When the film does not try so hard to be sad or funny, the lessons born from Jack’s struggle feels true. There is value in silence as well as choosing the right words while communicating. For instance, many people think that “being real” is saying whatever is on their minds. That isn’t necessarily the case. There is a difference between, say, honesty and rudeness or confidence and arrogance. We all have met people who just cannot stop talking. If only a Bodhi tree would magically appear in their yards.
Touchy Feely (2013)
★ / ★★★★
It is difficult to believe that “Touchy Feely” is from the same writer-director as the fresh, funny, and wonderful “Humpday.” While the latter is full of characters that feel very human, the former offers not one believable character, let alone someone we want to get to know beyond the surface level. The figures on screen are nothing but walking caricatures, solely defined by the anxieties that plague them.
Abby (Rosemarie DeWitt) is a massage therapist with happy clients because she is good at her job and she has a personality that makes customers want to return. However, when she develops an aversion to touching people’s skin, her livelihood is threatened and she begins to feel inadequate. This takes a toll on her relationship with Jesse (Scoot Mcnairy), her rebound guy. Conversely, prior to Abby’s breakdown, her brother, Paul (Josh Pais), is barely able to keep his dental practice running due to a lack of customers. Unlike Abby, Paul is awkward, withdrawn, not very good at relating with others. Abby’s misfortune proves to be the beginning of Paul’s great luck: word has gone around that each person he touches is magically cured.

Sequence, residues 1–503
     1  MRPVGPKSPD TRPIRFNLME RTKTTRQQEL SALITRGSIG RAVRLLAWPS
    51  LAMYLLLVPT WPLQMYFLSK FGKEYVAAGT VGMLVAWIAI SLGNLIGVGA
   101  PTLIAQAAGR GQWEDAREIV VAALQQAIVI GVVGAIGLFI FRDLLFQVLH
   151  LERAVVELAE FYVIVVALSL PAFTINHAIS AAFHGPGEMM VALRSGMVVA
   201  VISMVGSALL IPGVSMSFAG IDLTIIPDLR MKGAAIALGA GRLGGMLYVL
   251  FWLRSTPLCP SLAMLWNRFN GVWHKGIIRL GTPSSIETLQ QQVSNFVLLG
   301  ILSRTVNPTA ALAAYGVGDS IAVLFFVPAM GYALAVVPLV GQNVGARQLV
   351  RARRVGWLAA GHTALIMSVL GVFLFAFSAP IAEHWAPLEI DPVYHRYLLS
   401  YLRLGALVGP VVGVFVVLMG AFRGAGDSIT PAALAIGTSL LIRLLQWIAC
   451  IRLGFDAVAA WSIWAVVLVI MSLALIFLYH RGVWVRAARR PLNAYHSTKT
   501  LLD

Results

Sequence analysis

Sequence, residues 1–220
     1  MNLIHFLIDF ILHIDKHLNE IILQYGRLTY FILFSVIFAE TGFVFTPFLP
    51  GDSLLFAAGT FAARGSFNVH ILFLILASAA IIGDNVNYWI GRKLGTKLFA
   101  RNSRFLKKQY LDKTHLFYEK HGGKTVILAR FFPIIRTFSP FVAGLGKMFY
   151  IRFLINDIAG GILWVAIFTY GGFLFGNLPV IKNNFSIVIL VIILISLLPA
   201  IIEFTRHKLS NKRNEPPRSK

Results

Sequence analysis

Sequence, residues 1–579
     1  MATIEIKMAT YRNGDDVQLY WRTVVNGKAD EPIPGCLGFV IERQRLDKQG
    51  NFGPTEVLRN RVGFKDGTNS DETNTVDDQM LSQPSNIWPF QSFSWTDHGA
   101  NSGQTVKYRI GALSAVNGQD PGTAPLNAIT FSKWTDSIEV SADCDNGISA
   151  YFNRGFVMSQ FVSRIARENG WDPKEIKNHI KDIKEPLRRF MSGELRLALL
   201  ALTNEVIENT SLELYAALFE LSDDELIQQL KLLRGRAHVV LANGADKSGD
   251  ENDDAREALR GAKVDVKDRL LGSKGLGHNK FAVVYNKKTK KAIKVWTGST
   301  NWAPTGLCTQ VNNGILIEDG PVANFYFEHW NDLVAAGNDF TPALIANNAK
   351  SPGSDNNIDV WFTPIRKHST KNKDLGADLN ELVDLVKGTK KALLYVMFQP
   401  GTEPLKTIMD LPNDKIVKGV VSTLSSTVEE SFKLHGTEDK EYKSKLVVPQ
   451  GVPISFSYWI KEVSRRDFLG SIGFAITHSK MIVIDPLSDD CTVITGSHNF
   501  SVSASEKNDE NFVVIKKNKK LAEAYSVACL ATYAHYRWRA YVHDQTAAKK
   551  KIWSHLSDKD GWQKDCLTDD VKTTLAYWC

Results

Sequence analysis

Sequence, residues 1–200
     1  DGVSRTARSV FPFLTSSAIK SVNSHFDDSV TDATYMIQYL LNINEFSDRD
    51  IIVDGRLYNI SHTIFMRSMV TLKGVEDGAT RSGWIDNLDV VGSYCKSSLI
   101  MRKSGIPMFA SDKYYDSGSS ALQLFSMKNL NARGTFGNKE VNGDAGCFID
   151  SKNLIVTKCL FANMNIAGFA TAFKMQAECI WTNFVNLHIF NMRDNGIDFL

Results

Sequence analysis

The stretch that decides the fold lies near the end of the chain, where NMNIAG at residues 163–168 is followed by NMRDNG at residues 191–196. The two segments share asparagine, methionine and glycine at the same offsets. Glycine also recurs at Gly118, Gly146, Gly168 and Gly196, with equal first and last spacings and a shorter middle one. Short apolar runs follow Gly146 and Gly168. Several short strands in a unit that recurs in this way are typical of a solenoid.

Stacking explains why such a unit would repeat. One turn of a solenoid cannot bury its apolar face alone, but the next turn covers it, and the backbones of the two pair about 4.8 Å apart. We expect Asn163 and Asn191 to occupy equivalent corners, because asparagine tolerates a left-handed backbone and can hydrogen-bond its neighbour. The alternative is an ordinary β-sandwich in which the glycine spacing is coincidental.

Perhaps the situation is supposed to be mildly amusing because it certainly does not work as a drama. First, it lacks a dramatic core. While the central relationship involves a pair of siblings who cannot be any more different, we never believe that they care for one another. When they sit to have dinner together, I saw actors spewing out lines instead of a family who is trying to make it work. Second, the screenplay fails to provide good reasons as to why we should care about its main and supporting players. As a result, sitting through the picture is like listening to a bunch of strangers whining about their problems. I thought they all needed to see a counselor.
The subplots are awkward and lack energy. Jenny (Ellen Page), Abby’s niece, has a crush on Jesse. But then there is an appendage involving Jennt wanting to leave the nest to go to school but feeling guilty that her father will not approve. One or the other requires focus. If she has no interest in being a dental assistant, then what is she interested in? Where does she see herself after college? If the material chooses to explore the crush, what does Jenny see in Jesse exactly? How might her feelings for Jesse change her seemingly close relationship with Abby? The screenplay does not bother with specifics and so there is no drama worth looking into.